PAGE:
Movemeback Pulse

Actionable African insight delivered to you on pulse

Pulse #1 - Facebook, AfCFTA, Nigeria recession

The Data Room
With 2/3rds of Africa's workforce operating in the informal sector, ~87% of jobs can not be performed from home.
Numbers in the Spotlight

($1tn) is needed over the next few decades to achieve minimal universal energy access across Africa

($3bn) in bonds have been made available by the AfDB to support nations during the COVID-19 crisis

($2bn) could be lost to Africa's GDP in 2020 due to COVID-19

78,808 cases
of COVID-19 confirmed in Africa (as of last week)

23,000 miles
(~circumference of the globe) of undersea cable is being laid by Facebook to supply faster internet across Africa

Tanzanians now have access to electricity

On The Continent This Week

1. Intra-continental connectivity, collaboration & trade

As the African Union postpones the implementation of AfCFTA due to COVID-19, business leaders sign a petition countering the move, supporting an opposing argument that staying the path will speed up post-COVID recovery, increase African resilience, and better position Africa for a future pandemic.

2. End-to-end value chain capture

With oil prices now at $37 per barrel and an initial 2020 budget of $34 billion predicated on $57 per barrel, Nigeria finds itself on the brink of a deep recession driven by oil dependency. With African resource exports under attack and the imports of food and other key essentials at risk, this highlights the urgency for African nations to begin producing for themselves and capturing a larger share of the value chain.

3. Home-grown digital infrastructure & platforms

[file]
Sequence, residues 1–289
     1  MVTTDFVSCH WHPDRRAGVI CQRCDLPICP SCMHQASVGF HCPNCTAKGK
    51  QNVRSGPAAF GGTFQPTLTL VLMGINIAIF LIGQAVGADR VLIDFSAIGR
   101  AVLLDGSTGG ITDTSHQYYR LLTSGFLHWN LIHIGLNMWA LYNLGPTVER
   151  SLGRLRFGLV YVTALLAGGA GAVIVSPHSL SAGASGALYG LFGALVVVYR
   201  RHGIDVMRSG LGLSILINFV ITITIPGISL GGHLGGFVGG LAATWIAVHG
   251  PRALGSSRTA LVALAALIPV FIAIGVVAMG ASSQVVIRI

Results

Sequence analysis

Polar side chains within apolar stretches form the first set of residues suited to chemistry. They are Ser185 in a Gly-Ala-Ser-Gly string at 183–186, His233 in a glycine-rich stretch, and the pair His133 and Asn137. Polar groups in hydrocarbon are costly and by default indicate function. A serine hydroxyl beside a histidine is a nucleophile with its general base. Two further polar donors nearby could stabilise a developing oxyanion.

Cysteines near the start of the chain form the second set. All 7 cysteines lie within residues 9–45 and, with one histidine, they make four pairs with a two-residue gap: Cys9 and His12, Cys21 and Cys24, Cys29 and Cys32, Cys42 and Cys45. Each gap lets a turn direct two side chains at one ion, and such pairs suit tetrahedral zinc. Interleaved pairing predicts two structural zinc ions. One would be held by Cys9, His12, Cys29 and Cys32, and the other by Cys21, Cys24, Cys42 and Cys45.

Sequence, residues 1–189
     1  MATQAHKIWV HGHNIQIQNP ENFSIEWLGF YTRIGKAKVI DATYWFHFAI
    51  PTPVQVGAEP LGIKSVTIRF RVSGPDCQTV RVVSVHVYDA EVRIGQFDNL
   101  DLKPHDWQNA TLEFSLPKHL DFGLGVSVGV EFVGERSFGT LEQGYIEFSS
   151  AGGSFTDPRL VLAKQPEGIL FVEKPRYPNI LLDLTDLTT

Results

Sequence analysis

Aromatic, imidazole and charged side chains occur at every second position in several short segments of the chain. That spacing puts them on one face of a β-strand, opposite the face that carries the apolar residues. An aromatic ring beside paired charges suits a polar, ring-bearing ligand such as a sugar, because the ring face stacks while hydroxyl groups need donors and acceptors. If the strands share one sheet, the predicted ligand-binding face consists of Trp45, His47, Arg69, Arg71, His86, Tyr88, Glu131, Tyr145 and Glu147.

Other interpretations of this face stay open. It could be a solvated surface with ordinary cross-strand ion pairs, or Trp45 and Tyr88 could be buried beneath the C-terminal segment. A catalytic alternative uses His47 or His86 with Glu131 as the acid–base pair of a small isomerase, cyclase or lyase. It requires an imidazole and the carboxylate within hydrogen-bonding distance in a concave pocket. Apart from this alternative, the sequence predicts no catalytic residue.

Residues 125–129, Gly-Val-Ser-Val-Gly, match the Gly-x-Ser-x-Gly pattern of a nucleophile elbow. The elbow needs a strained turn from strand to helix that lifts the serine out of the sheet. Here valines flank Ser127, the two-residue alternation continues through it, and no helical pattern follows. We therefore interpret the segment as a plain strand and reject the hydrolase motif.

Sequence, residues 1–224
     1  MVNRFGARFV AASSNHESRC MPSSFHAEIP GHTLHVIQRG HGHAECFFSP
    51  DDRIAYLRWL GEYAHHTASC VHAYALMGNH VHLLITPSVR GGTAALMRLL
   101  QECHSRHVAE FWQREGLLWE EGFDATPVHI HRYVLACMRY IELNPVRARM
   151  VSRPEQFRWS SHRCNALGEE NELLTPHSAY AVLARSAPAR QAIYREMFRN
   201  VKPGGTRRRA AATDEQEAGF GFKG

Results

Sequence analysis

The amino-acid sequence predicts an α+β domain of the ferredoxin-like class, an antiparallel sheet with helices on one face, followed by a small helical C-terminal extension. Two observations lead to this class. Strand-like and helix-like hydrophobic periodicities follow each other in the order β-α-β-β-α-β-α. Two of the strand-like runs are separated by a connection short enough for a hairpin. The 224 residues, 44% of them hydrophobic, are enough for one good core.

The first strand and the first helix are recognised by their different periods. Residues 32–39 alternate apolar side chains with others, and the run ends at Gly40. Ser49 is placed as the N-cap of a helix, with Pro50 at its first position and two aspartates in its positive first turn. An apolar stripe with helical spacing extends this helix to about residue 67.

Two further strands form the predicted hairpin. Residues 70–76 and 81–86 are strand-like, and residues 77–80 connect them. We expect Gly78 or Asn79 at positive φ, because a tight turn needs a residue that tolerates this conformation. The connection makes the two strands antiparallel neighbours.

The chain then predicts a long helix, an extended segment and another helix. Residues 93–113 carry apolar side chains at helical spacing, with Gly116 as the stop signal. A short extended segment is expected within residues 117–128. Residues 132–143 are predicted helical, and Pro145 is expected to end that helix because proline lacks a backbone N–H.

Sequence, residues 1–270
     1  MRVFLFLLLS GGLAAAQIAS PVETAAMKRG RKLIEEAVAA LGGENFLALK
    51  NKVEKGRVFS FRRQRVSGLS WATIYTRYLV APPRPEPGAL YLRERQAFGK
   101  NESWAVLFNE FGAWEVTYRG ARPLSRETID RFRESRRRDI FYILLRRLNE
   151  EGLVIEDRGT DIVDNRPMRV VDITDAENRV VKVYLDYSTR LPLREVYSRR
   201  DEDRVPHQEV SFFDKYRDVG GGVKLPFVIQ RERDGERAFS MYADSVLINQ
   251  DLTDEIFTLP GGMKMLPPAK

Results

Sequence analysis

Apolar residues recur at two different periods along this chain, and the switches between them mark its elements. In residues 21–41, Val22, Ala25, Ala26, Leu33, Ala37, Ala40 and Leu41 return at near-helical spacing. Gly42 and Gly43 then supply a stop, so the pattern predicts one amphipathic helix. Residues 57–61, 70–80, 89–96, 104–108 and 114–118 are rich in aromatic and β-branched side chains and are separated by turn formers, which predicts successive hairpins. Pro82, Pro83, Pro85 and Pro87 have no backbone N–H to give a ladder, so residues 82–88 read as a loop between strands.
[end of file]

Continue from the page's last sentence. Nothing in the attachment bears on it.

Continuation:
Facebook is leading efforts to build $1bn of underwater internet cables via it’s ‘2Africa’ project. It joins Zuckerberg's (which was accused for "building a walled garden" for the world's poorest) and Alphabet's Loon (using high-altitude balloons) in international attempts to bring internet connectivity to The Continent. With Africa's the lack of ownership of its own connectivity, mobile infrastructure, data centres and platforms, should The Continent be concerned? For instance, a recent report revealed that although 82% of digital platforms on The Continent are homegrown, foreign-owned platforms have 3 times more users.
4. Access to financial services and products

As the current crisis drives adoption of digital finance in Africa, policy makers and regulators are being implored to embrace a fintech revolution. Nigerian regulators have postponed plans to increase Microfinance Banking licence costs, Ethiopia has a new Task Force aimed at decreasing cash transactions and is opening its mobile money market to new players - potentially leading to Safaricom entering the market, and Egypt has launched a national payment system (‘Meeza’).

5. Baseline healthcare & disease protection

Lessons learnt from the Ebola outbreak seem to have driven more aggressive public health measures in Africa, and have arguably contributed to a more contained outbreak in Africa vs. US and Europe. With a continued rise in global protectionism and 'vaccine nationalism' exacerbated by US-China tensions, Africa must continue to chart its own path. In response, African countries are coordinating to ramp up testing via its Partnership to Accelerate COVID-19 Testing (PACT), and multiple countries have placed orders for Madagascar’s herbal anti-COVID-19 remedy, in spite of caution from the WHO.